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Cameron tells Johnson not to 'break the law'

US Rep. Ilhan Omar (D-MN) (L) talks with Speaker of the House Nancy Pelosi (D-CA) during a rally with fellow Democrats before voting on H.R. 1, or the People Act, on the East Steps of the US Capitol on March 08, 2019 in Washington, DC. (AFP photo)
David Cameron is widely blamed for instigating the Brexit imbroglio

Former Prime Minister, David Cameron, has waded into the Brexit imbroglio by warning PM Boris Johnson that breaking the law “is not a good idea”.

In an interview with Sky News’ Sophy Ridge on Sunday programme, Cameron claimed that he had been in contact with Johnson since the latter took office in late July.

Whilst they haven’t had a one-to-one meeting recently, Cameron said they text each other “from time to time” and that he has told Johnson that breaking the law was the wrong path to take.

But Cameron also insisted that he and Johnson are “as one” on the importance of securing a Brexit deal.

Cameron’s intervention comes amid heightened expectation about the ruling of the Supreme Court on the legality (or otherwise) of Parliament’s prorogation by Johnson and the Queen.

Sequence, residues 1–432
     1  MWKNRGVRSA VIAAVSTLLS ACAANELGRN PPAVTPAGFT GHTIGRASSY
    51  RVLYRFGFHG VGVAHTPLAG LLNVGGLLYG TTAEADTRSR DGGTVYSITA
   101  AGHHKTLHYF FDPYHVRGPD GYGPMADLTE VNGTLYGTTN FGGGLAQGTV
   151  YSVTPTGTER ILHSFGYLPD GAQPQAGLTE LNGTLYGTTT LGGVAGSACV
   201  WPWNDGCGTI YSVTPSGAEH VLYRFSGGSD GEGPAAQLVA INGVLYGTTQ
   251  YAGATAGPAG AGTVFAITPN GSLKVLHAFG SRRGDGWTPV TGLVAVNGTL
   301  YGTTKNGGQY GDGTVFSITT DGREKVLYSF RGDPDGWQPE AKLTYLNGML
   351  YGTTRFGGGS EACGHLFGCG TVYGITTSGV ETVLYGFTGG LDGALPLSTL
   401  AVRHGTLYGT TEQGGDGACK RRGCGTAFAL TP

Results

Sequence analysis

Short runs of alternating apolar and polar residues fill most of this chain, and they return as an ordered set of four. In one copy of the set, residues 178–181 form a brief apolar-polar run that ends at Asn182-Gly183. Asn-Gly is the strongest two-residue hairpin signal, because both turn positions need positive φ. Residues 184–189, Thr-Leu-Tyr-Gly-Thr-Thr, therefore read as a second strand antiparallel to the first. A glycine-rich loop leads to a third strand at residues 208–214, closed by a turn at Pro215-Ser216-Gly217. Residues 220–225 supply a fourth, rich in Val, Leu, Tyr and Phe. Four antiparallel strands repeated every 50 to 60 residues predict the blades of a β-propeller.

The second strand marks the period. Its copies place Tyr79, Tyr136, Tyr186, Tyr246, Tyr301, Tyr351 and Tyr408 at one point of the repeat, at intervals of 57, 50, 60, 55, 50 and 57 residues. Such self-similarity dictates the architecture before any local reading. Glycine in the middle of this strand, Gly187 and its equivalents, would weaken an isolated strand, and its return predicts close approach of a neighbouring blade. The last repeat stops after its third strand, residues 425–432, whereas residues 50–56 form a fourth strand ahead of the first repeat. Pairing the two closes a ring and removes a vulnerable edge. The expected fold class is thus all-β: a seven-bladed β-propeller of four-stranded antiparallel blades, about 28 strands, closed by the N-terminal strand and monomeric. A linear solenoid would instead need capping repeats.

The Supreme Court is expected to issue its judgement early next week, possibly as soon as tomorrow.

In recent days Johnson has given indications that he may be prepared to ignore the new law (passed by Parliament just before prorogation) obliging him to ask the European Union for a three-month Brexit delay.

Earlier this month, Johnson said he’d rather be “dead in a ditch” than delay Brexit.

Cameron’s latest interview comes on the heels of his highly controversial revelation about the Queen’s interference in the Scottish Independence referendum of September 2014.

The revelation is made in a two-part BBC documentary in which the former PM reflects on his time in office.

In the documentary Cameron admits to turning to Buckingham Palace officials days before the poll after “mounting panic” set in about a faltering “Better Together” campaign.

On Cameron’s advice, the Queen proceeded to urge the Scottish people to “think very carefully about the future”.    

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